The UK’s international trade secretary will push the White House to scrap controversial tariffs on UK steel and aluminium during a three-day trip this week.
Anne-Marie Trevelyan will leave for the US today and meet with her American counterpart Katherine Tai and US commerce secretary Gina Raimondo.
A Department for International Trade spokesperson said Trevelyan would “push for a resolution to section 232 steel and aluminium tariffs to support British industry” in her meetings.
The US dropped the Donald Trump-era tariffs on EU steel and aluminium in October, however they remain in place for UK exports.
The Financial Times reported last week that Biden had not taken them off UK exports due to Boris Johnson’s aggressive negotiating position during talks with the EU over the post-Brexit Northern Ireland Protocol.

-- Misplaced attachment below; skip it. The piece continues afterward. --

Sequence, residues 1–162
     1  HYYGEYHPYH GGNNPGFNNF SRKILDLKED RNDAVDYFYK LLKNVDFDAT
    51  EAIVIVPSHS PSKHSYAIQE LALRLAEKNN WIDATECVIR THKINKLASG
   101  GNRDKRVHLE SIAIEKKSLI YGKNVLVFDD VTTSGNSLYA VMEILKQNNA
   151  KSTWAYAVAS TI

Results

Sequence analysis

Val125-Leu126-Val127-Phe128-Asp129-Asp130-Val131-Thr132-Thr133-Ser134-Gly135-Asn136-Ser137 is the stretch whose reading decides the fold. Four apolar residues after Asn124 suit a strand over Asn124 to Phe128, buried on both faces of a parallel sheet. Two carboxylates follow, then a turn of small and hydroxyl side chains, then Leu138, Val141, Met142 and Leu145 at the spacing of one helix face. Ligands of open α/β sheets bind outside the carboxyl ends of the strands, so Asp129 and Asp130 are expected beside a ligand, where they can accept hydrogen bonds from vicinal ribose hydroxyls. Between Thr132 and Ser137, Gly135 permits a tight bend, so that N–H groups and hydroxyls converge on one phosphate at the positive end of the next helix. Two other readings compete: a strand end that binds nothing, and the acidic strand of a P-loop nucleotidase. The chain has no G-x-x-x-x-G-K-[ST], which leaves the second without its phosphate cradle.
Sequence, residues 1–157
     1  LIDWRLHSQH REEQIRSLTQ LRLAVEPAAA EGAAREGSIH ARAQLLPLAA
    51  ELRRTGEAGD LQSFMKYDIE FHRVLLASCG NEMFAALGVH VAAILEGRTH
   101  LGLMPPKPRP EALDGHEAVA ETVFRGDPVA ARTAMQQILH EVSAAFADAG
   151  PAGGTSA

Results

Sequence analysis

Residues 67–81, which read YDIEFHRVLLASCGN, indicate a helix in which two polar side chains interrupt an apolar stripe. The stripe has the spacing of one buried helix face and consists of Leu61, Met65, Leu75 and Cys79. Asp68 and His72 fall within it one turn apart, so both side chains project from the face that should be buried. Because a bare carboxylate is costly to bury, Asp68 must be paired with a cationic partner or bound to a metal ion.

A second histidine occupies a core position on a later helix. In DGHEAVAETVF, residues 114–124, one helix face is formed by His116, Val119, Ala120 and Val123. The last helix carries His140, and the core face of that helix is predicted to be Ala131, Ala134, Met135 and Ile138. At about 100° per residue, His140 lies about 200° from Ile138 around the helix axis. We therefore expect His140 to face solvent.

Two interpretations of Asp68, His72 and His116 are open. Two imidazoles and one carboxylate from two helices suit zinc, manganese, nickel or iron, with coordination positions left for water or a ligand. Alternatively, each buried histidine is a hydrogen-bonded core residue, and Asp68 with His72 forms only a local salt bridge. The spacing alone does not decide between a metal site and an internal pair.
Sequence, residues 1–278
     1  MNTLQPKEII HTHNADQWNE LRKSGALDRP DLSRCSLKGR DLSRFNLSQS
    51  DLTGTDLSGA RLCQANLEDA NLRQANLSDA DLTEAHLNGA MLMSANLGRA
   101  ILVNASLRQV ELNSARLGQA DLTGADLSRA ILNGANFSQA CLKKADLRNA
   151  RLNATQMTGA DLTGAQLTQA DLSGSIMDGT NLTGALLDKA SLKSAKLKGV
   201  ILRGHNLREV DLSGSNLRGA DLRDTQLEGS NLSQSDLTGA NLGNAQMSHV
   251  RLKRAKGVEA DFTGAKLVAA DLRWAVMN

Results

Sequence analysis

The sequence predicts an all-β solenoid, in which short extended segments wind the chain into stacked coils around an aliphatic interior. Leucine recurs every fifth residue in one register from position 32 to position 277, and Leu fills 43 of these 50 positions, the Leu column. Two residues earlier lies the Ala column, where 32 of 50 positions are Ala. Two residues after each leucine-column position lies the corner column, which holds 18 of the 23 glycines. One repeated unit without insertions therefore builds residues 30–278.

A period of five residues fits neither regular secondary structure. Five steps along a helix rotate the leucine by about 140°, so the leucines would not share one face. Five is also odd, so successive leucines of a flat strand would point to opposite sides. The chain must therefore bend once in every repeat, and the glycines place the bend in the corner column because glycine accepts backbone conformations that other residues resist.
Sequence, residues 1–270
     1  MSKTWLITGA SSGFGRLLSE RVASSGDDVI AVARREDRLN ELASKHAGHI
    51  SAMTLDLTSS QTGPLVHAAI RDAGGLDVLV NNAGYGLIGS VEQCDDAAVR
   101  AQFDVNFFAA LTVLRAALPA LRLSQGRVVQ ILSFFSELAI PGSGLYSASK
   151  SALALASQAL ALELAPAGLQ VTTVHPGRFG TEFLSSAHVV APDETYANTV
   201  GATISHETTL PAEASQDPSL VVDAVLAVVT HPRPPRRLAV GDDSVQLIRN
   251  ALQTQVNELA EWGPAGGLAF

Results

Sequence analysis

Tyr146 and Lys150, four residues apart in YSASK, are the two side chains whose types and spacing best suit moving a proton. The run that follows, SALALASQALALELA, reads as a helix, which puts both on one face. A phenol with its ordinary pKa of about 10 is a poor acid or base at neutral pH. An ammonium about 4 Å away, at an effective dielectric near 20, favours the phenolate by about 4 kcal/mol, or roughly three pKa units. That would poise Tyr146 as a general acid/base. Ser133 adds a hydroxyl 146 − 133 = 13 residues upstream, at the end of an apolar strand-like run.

A leaked communication from the US Department of Commerce said Johnson’s threats to trigger Article 16 and suspend the protocol were holding back any progress in scrapping the UK tariffs.
A Number 10 spokesperson said “those issues shouldn’t be conflated” on Thursday. Speaking before her trip, Trevelyan said: “From Teesside to Tulsa, there are huge opportunities to deepen the trading links benefiting communities on both sides of the Atlantic.
“We’ve already made strong progress; from getting British beef and lamb back on US plates, to lowering the cost of Scotch Whisky exports by addressing the long-running Airbus-Boeing issue. Now is the time to hit the ground running and get on with boosting ties with our closest ally.”
Trump introduced a 25 per cent tariff on steel exports and a 10 per cent tariff on aluminium exports from the EU, Mexico and Canada in 2018.
Trump’s White House said the trade barriers were required for national security reasons, however the policy was widely thought to be a part of the ex-President’s attempt to boost US manufacturing.
On Thursday, trade minister Penny Mordaunt said it was a “false narrative” to conflate the steel tariff issue and UK-EU negotiations over Northern Ireland.